Isozyme variability was examined in the red oak complex, Quercus subg. Erythrobalanus found on an island archipelago and vicinity in northeastern Wisconsin. Dormant leaf bud
samples were collected from Quercus rubra L., Q. ellipsoidalis Hill and their putative hybrids from two peninsula locations
and on three islands. Acorns were collected from some of these same trees in three of these locations. Twelve putative loci coding for six enzymes were analyzed. Allele frequency data indicated there was little differentiation between populations. Mean Fst values for the adult trees and acorns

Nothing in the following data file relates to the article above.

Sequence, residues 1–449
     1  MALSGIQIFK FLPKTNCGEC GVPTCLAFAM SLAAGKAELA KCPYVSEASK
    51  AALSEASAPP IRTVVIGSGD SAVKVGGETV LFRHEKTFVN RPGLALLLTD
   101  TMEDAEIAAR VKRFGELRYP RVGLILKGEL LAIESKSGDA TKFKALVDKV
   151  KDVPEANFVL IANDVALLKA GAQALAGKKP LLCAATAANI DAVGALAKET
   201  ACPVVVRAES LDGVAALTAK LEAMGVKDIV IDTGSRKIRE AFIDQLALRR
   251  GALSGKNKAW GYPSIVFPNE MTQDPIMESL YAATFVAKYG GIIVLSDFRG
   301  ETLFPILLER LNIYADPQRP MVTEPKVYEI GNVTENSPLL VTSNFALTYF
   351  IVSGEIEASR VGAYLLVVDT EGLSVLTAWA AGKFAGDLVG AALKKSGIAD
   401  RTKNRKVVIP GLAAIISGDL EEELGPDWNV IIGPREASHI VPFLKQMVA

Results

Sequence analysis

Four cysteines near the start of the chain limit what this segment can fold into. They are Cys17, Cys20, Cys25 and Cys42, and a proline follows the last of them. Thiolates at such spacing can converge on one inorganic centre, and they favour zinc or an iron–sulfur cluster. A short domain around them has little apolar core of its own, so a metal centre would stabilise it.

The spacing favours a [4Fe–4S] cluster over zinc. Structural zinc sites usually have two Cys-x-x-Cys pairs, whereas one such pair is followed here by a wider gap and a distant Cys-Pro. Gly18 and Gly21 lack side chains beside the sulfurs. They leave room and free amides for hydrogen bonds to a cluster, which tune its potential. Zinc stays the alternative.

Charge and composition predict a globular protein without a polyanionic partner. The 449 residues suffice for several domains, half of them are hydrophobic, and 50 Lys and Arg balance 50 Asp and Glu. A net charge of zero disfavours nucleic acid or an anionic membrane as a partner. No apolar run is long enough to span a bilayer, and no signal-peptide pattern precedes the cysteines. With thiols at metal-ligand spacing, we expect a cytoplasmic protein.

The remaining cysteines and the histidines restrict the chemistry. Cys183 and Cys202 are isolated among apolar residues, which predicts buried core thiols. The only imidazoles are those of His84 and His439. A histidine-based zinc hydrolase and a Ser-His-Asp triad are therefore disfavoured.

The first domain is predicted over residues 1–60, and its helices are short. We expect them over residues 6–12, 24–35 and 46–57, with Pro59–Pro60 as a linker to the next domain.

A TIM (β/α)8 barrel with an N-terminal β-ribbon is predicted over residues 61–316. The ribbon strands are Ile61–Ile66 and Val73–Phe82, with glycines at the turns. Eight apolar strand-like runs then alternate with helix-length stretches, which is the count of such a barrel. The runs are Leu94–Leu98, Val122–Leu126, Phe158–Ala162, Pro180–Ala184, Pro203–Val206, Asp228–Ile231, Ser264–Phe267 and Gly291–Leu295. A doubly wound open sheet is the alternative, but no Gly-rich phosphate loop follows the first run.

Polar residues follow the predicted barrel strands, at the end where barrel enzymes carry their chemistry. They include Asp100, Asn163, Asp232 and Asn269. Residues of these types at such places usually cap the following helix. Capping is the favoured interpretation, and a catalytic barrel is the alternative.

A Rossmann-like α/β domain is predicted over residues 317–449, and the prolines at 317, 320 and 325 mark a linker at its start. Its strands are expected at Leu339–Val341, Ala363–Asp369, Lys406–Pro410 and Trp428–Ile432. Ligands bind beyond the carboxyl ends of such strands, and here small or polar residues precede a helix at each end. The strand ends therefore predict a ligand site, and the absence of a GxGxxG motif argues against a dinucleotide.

were 0.042 and 0.020 respectively. Genetic identities according to Nei ranged from .958 to .999. In spite of these high genetic identities, the populations appeared to be
experiencing substantial levels of inbreeding as indicated by positive mean Fit values of 0.183 and 0.373 for the trees and
acorns respectively. Estimates of migration rate per generation for the adult trees was 5.70.
Thesis completed at Michigan State University, 1991
Hokanson, Stan C..
Isozyme Variation as Evidence of Gene Flow and Hybridization between Red Oaks Found in an Island Archipelago.
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